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Mechanisms of uranium (U) bioreduction illuminated by gene and protein expression.
- Interaction between biotic processes and abiotic processes (e.g.U bioreduction and U sorption).
- Minimally invasive monitoring of subsurface redox status associated with bioreduction.
- Comprehensive biogeochemical reactive transport modeling of subsurface systems undergoing bioreduction.
- Provide a "comprehensive and mechanistic understanding of the microbial factors and associated geochemistry controlling uranium mobility in the subsurface."
- Extending microbial iron (Fe) reduction in the subsurface: In the presence of mM sulfate concentrations in groundwater, the transition from Fe(III) to sulfate reduction during acetate amendment will occur when the readily bioavailable Fe(III) is depleted. Iron reduction (and concomitant U(VI) reduction) can be extended in time through 1) the addition of nanoparticulate or soluble Fe(III) to the subsurface, and 2) introduction of acetate at concentrations sufficient to support iron-reduction but not sulfate-reduction.
- Impact of reducing conditions on U(VI) sorption: The sorption of U(VI) under reduced conditions is decreased overall in comparison to more oxic conditions, but is still large enough to retard U(VI) transport in the Rifle aquifer relative to groundwater flow.
- Long-term post-biostimulation removal of U(VI): Long-term post-biostimulation removal of U(VI) is dependent on ferrous sulfide minerals precipitated during sulfate reduction. After cessation of acetate amendment, these minerals become electron donors for a post-biostimulation microbial community capable of using low ambient concentrations of oxygen and nitrate as terminal electron acceptors. U(VI) is sorbed on to 1) biopolymers specific to the post-biostimulation microbial consortia, and 2) the freshly oxidized Fe(III) mineral surfaces.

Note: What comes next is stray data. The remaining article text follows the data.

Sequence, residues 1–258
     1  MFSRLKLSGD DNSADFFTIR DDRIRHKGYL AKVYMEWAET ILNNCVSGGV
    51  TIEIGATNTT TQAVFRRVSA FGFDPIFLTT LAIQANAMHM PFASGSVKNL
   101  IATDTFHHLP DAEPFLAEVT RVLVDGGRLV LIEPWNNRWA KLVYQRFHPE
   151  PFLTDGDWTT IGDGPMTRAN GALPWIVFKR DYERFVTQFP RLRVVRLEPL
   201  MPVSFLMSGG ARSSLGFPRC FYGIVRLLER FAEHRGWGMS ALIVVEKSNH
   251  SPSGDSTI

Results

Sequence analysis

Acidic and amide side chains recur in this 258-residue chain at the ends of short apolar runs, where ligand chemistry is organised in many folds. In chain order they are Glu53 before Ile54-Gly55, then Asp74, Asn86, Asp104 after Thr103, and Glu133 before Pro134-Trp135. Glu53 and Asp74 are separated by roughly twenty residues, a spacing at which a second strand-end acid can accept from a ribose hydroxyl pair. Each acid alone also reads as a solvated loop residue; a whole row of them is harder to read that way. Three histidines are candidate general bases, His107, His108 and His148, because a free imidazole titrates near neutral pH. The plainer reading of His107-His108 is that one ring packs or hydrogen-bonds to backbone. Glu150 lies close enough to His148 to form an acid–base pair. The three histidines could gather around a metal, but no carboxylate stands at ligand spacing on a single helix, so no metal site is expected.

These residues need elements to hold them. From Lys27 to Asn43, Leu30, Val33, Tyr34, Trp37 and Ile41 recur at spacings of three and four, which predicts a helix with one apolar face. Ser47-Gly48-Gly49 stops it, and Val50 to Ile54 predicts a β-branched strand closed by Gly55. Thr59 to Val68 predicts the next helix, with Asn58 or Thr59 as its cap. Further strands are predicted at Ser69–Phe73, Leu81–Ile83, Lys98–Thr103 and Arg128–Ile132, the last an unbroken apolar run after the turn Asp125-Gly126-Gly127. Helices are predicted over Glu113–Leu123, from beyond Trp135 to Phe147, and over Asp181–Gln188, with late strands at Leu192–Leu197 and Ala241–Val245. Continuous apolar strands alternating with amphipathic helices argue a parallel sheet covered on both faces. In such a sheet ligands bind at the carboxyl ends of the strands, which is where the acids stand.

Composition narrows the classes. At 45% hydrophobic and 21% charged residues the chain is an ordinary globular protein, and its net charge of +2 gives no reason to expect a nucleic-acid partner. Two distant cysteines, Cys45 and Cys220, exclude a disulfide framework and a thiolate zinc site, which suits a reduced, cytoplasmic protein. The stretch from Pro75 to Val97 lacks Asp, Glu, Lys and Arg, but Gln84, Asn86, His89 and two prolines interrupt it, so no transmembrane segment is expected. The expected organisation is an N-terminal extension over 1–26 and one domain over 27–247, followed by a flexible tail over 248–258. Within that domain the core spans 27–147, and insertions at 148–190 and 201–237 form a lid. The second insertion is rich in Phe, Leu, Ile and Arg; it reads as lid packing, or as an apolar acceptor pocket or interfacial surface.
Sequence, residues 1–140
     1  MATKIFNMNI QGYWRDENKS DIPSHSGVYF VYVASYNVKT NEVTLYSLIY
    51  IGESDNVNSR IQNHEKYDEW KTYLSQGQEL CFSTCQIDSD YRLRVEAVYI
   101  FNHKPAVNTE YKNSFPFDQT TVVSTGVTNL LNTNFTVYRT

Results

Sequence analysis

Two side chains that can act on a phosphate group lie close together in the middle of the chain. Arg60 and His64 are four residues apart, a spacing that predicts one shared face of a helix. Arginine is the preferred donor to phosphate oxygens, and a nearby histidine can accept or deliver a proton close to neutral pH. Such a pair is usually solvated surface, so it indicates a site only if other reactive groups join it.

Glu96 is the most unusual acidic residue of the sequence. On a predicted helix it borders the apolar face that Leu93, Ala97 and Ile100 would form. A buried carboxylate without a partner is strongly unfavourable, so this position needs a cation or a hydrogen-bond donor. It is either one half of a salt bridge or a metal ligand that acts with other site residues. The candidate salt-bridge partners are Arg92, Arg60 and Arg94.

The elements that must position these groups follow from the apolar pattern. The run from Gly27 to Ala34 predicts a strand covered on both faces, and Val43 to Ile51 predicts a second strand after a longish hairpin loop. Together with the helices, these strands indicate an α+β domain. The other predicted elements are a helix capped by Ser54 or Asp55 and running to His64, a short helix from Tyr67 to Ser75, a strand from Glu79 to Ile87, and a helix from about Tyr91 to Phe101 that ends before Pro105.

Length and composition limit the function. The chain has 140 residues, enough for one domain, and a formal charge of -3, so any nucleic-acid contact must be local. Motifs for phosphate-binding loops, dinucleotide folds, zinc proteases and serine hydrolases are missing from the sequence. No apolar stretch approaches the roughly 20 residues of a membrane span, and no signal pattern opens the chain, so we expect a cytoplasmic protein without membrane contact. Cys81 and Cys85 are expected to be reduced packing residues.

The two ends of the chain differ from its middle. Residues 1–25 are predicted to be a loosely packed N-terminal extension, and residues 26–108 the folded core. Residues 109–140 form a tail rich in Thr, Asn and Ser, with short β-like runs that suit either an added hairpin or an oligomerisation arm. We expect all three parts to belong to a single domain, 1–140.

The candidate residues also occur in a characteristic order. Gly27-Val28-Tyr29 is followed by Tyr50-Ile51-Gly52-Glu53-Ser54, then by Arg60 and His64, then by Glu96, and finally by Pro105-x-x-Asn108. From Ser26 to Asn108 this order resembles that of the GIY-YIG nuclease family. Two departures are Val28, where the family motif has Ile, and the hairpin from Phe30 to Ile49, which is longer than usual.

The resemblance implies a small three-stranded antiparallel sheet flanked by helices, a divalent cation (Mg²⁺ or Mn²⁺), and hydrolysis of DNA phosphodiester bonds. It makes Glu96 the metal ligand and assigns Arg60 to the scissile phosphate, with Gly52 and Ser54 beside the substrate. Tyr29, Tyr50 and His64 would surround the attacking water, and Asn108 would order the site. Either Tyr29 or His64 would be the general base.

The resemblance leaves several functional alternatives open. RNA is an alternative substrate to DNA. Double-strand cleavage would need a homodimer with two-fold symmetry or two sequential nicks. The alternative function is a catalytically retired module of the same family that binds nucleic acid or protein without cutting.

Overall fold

- Rates of natural bioreduction: Slow, naturally occurring rates of microbially mediated U(VI) reduction can be estimated (low, medium, high) using molecular biomarkers in Rifle samples by comparing the lowest acetate amendment in Hypothesis 1 with samples from other Rifle locations with no electron donor amendment.
- Each of these hypotheses will be addressed by a combination of laboratory and field experiments or field sampling and will use the approaches and techniques listed in the adjacent box.
Innovative Approaches and Techniques
- Protein expression in column and field experiments.
13C labeling and fieldable DNA/RNA chip arrays.
- Detailed analysis of mineralogic changes during in situ biostimulation.
- Lab and field sorption experiments under reducing conditions.
- Geophysical monitoring of subsurface TEAPs (especially ERT, complex resistivity).
- Detailed real-time monitoring of hydraulic conductivity before, during, and after biostimulation.
- Cellularly adsorptive tracers (CATs).
- Integration of diverse data-sets via joint inversion for spatial distribution of key properties.
- Biogeochemical reactive transport modeling, and multiphase, density, and mechanistic processes.